Hiking for Habitat | Port City Daily
OAK ISLAND – Luke Bennett has covered more than 20,000 miles in his 22 years of life and plans to take on a new challenge in early April when he hikes the Mountains-to-Sea Trail (MST). It will report on its biodiversity, and the North Carolina Wildlife Federation (NCWF) will publish its findings as part of the Hiking for Habitat campaign.
The Oak Island resident will travel the 1,175-mile route spanning the Great Smoky Mountains to the Outer Banks. Originally, he hoped to complete the challenge with a target of 28 days, which would smash the fastest known travel time (29 days and eight hours) on the MST. The more he thought about it, the more he decided to revise his plans to admire the landscape.
“I wanted to make sure I could go at my own pace,” Bennett said, “and not be too exhausted to enjoy my surroundings.”
Some friends and family will support him along the way to help him restock, but he will travel alone.
Bennett’s trip coincides with the 45th anniversary of the MST, first proposed in 1977 as the state’s flagship trail. It will start at Jockey’s Ridge State Park in Nags Head and head west to Clingmans Dome in Great Smoky Mountains National Park.
The MST passes through four national parks and two national wildlife refuges, connects to 10 state parks, and passes through three national forests. Bennett admitted he was a little apprehensive about the 39% of the trail that requires roadside walking.
“[It] offers rugged terrain and a chance to experience the state’s geographic diversity,” Bennett said, referring to his connections between the coastal plain, Piedmont and the mountains. “My goal is to show what’s out there, bring attention to the area, and make people realize there’s this amazing resource in our backyard.”
“What makes the Mountain-to-Sea Trail so unique is that it connects closely with our state’s wildlife and beautifully showcases the diversity of North Carolina’s landscapes and natural resources,” said added NCWF spokeswoman Kristine Goodyear.
A graduate in biology, Bennett will document his journey through photos shared on an NCWF blog. The aim is to raise awareness of the flora and fauna native to this region and to highlight threats to wildlife such as fragmented landscapes, litter and debris, wildlife passages, evidence of climate change in coastal areas and invasive species, according to Goodyear. .
The Habitat Hike will raise money for the NCWF. Supporters can make donations in honor of Bennett’s journey with $10 per mile. An anonymous donor agreed to match all donations up to $10,175 according to the donations page. All proceeds benefit the NCWF.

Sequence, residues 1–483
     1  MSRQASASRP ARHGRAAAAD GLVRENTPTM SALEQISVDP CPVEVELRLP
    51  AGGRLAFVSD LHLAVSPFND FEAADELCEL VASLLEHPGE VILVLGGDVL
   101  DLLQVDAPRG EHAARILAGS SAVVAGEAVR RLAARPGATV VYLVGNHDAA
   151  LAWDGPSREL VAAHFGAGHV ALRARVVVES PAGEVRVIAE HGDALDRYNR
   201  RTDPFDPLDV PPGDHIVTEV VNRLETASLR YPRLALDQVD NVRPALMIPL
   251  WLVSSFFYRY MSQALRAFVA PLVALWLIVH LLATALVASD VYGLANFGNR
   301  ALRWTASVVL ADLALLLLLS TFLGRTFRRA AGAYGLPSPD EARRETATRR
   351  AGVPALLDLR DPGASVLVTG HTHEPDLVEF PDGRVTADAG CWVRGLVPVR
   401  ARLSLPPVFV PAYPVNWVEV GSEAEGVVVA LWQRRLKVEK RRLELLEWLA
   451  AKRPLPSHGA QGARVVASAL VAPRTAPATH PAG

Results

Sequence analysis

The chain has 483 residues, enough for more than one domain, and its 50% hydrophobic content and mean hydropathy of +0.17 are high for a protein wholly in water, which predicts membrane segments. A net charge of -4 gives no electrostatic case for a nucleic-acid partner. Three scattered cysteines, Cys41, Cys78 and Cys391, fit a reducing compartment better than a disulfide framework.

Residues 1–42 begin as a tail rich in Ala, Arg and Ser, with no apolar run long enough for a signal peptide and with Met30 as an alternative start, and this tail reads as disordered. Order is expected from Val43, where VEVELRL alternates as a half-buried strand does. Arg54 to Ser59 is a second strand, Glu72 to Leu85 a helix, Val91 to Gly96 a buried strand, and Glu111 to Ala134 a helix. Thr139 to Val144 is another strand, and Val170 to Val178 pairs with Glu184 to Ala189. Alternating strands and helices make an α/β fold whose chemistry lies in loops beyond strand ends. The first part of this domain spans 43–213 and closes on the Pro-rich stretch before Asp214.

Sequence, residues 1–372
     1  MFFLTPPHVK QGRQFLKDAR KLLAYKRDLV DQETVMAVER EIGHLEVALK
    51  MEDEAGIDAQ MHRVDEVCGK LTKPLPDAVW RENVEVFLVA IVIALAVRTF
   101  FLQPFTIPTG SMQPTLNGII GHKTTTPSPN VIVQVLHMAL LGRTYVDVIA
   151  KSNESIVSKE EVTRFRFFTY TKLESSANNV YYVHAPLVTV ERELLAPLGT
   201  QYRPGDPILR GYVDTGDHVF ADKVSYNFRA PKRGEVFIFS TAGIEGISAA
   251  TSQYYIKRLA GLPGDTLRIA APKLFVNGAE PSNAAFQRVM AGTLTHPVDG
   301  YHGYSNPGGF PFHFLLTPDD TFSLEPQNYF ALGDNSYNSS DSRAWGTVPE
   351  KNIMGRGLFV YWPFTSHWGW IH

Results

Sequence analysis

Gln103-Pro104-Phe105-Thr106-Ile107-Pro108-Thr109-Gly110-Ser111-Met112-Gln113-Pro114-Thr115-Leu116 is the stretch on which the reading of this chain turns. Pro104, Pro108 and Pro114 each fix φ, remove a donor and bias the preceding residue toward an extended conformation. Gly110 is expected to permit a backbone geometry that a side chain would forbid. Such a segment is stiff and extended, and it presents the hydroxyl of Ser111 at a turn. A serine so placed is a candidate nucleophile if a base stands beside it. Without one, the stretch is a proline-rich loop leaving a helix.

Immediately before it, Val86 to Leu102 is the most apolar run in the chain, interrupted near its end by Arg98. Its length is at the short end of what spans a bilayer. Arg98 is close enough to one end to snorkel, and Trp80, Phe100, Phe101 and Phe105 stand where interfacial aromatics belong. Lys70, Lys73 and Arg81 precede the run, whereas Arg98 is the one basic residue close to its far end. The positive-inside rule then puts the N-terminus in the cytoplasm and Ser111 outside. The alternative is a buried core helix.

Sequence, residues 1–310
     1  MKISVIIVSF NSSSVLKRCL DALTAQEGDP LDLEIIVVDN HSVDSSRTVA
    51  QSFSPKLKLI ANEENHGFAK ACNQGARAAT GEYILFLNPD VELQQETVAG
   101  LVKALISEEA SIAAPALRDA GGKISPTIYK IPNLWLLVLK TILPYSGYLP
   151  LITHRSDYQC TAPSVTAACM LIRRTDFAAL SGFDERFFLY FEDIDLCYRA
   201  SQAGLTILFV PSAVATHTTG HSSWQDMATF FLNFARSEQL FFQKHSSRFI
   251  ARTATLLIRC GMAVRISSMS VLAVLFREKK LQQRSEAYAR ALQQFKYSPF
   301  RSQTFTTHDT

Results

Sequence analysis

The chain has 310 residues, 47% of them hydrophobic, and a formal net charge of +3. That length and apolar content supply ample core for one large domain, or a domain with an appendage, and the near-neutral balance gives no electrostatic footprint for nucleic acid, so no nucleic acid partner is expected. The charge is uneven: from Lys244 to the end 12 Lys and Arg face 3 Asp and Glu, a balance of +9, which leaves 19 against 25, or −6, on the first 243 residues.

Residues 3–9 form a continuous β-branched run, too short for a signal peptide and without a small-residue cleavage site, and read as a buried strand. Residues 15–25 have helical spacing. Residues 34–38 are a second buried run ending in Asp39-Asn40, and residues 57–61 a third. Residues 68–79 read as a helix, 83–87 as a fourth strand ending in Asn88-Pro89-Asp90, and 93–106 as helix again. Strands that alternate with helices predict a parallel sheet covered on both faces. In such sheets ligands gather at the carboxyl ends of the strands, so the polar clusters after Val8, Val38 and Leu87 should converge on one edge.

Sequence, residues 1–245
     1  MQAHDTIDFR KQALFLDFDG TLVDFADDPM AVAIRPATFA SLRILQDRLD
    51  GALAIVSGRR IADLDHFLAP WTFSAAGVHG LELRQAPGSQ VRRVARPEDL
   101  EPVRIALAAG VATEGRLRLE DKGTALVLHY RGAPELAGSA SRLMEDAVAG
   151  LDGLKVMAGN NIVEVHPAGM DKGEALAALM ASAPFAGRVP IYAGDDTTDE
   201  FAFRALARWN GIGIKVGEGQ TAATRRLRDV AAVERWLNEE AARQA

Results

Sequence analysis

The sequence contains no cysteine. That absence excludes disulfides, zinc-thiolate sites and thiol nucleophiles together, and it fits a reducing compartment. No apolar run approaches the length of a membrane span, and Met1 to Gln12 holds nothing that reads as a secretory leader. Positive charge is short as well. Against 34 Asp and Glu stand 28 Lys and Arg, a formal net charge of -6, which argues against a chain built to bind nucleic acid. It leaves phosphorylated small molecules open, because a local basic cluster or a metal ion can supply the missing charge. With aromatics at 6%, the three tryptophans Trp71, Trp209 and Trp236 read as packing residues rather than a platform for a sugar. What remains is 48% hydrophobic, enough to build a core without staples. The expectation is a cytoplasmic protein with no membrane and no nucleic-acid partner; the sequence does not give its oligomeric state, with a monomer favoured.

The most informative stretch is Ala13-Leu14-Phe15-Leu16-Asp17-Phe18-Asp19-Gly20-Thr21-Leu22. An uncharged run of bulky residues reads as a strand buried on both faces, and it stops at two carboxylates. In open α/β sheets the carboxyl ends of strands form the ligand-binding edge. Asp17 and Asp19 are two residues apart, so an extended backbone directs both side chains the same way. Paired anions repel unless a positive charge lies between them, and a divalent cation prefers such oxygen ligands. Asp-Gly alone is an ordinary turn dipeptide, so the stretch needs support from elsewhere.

Originally from Durham, Bennet has always loved the outdoors and spent his childhood fishing, swimming and exploring the Eno River. He started running cross-country in the seventh grade, but still entered his first race at Eno Park. Bennett graduated in May 2021 from Appalachian State University and hiked the entire 2,193-mile Appalachian Trail soon after.
“It was the best time of my life,” he said. “That’s what really boosted my interest in hiking.”
It typically takes hikers five to seven months to complete the Appalachian Trail, and only one in four actually complete. Bennett covered its entirety in 100 days. He averaged 25-30 miles a day, which he will likely repeat, depending on weather and terrain. Along with “expecting the unexpected,” Bennett said his experience taught him a lot about hiking and even more about life in general.
“I learned to stay motivated, to travel light while being prepared, to hitchhike, to pitch a tent on an icy slope in the rain, to embrace loneliness, to make camp food enjoyable to taste, to being dirty and not caring, how to listen to my body — I could go on listing things all day,” Bennett said.
After realizing how much attention his Appalachian Trail adventure had gained through word of mouth, Bennett realized how he could amplify that by using a popular online platform for a good cause. He then cold called the NCWF because their missions and values aligned. He said the NCWF team was just as eager as he was to team up.
“If I want to take the time to do something, I want to make sure the attention isn’t all on me,” Bennett explained. “I wanted it to reflect something I’m passionate about, something meaningful to me.”
During his hike, Bennett expects to encounter wildlife, such as the Pine Barrens tree frog (also the official state frog), ruby-throated hummingbirds, swallowtail swallowtails, eastern bluebirds, wild turkeys, raccoons, Fowler’s toads and many more.
“I really don’t want to meet a bear,” he laughs. “Maybe as long as they’re a good distance away.”
Bennett plans to travel light, with just his backpack and the essentials: water, food, tent, sleeping bag and cushion, small stove, clothes, electronics (phone, headphones, power bank and charger), headlamp, toiletries and a personal diary. . His plan is to restock groceries along the way.
He will camp every night, except for a few nights when he might stay with family who live nearby, a cheap motel to escape the elements, or with MST volunteers called “angels,” who provide hikers with supplies and free accommodation.
To prepare for his hike, Bennett said he kept active — running uphill and over rough terrain in particular, as well as stretching and playing pickleball. He also studied the trails to plan his stops and understand the logistics.
“I have accumulated money, so I can afford to go a few months without income,” he added.
After completing the course, Bennett will move to Raleigh and begin an accelerated riding program. His ultimate goal is to one day work for the National Park Service.
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